P.S. “The Estimated Wind Speeds of the Palm Sunday Tornadoes” I do believe is Chapter 8 of this study by Fujita and Dorothy Bradbury. Click on the PDF logo on this page:

    http://journals.ametsoc.org/doi/abs/10.1175/1520-0493%281970%29098%3C0029%3APSTOA%3E2.3.CO%3B2

    • Thanks John. I have a few articles that are partially written, the 1920 Palm Sunday outbreak is one of them. There are several older events that I think are fascinating. I’ve been working on the 1893 Pomeroy, Iowa tornado as well since I have a ton of resources for that. I’ve gotta start focusing on one article at a time so I can get them done, haha.

      That’s what I thought it was too, but there are several references that state it as being Chapter VII of “A Comprehensive Study of the Palm Sunday tornadoes” so I wasn’t sure. Maybe it is the same thing after all. I contacted TTU but didn’t get a response. I suppose it’s not a big deal either way, there’s already a ton of information available about the outbreak.

  3. I googled “A Comprehensive Study of the Palm Sunday tornadoes” and the first result was this link to Amazon: http://www.amazon.com/Estimated-wind-speeds-Sunday-tornadoes/dp/B0007FDKWI It’s possible they could both be the same thing, just were published a few times under different titles. In the PDF link, it’s Chapter 8, which is just one number off from 7. Not sure, just wouldn’t be surprised if they were both the same document. And “VII” could be a typo for “VIII”, who knows?

    And I wasn’t trying to rush you into a bunch of articles, haha. The amount of Dixie Outbreaks really interest me, especially since information on them is rather scarce. Have you thought of doing an article that covered the history of tornadoes in “Dixie Alley”, given how severe the lack of information is on older events?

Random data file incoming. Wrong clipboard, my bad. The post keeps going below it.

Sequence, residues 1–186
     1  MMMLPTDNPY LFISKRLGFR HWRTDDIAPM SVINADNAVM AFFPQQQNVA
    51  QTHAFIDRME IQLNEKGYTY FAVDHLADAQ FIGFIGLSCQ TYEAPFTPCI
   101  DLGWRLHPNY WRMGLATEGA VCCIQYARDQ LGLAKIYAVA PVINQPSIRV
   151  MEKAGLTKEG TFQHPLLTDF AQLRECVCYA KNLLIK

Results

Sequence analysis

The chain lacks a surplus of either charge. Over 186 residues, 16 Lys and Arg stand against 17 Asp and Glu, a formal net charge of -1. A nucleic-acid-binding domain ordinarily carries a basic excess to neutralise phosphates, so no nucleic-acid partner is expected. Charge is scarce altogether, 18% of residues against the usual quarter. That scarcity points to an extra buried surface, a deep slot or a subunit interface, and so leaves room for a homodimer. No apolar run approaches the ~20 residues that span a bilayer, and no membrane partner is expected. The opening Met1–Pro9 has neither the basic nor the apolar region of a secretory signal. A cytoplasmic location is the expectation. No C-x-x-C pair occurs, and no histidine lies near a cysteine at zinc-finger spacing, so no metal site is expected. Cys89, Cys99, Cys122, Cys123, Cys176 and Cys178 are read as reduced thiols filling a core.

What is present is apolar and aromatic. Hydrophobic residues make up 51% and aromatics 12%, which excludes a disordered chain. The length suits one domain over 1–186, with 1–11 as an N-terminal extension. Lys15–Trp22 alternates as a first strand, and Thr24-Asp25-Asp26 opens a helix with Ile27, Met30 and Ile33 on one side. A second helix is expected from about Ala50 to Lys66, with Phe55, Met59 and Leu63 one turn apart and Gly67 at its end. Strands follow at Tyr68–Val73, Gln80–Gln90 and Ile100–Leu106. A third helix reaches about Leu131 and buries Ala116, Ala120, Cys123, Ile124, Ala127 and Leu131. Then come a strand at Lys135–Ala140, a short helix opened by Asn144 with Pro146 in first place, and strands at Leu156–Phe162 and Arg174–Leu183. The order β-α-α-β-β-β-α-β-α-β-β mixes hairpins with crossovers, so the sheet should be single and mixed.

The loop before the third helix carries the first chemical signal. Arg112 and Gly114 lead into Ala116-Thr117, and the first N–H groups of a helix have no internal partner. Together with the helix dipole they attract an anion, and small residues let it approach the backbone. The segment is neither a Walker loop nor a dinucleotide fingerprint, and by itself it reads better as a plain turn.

The oldest tornado that I wish that much more info was available on is the Great Natchez of 1840. If only photography had been invented…

  4. Yeah, I actually have an idea sketched out touching on the history of Dixie Alley and comparing to the traditional Tornado Alley. Some people also include Hoosier Alley (mostly Indiana, with parts of eastern/southern Illinois, western half of Kentucky, southern Michigan and western Ohio) and Carolina Alley. The tornado frequency is marginally higher than surrounding areas there, but I don’t know that they merit their own “alleys.”

    Actually I’d like to do a post covering several aspects of tornado climatology, including the issues Max and I talked about above. It’s likely that we’ve substantially underestimated the frequency of tornadoes which are capable of causing violent-level damage, and it’s also likely that we have an incomplete understanding of the distribution of tornado frequency because of population differences.

    Anyway, if you have suggestions for any particular thing you’d like to see, feel free to send me an email. I put the link on my “About” page. I have a ton of topics to cover, but it’s nice to see which ones people are most interested in.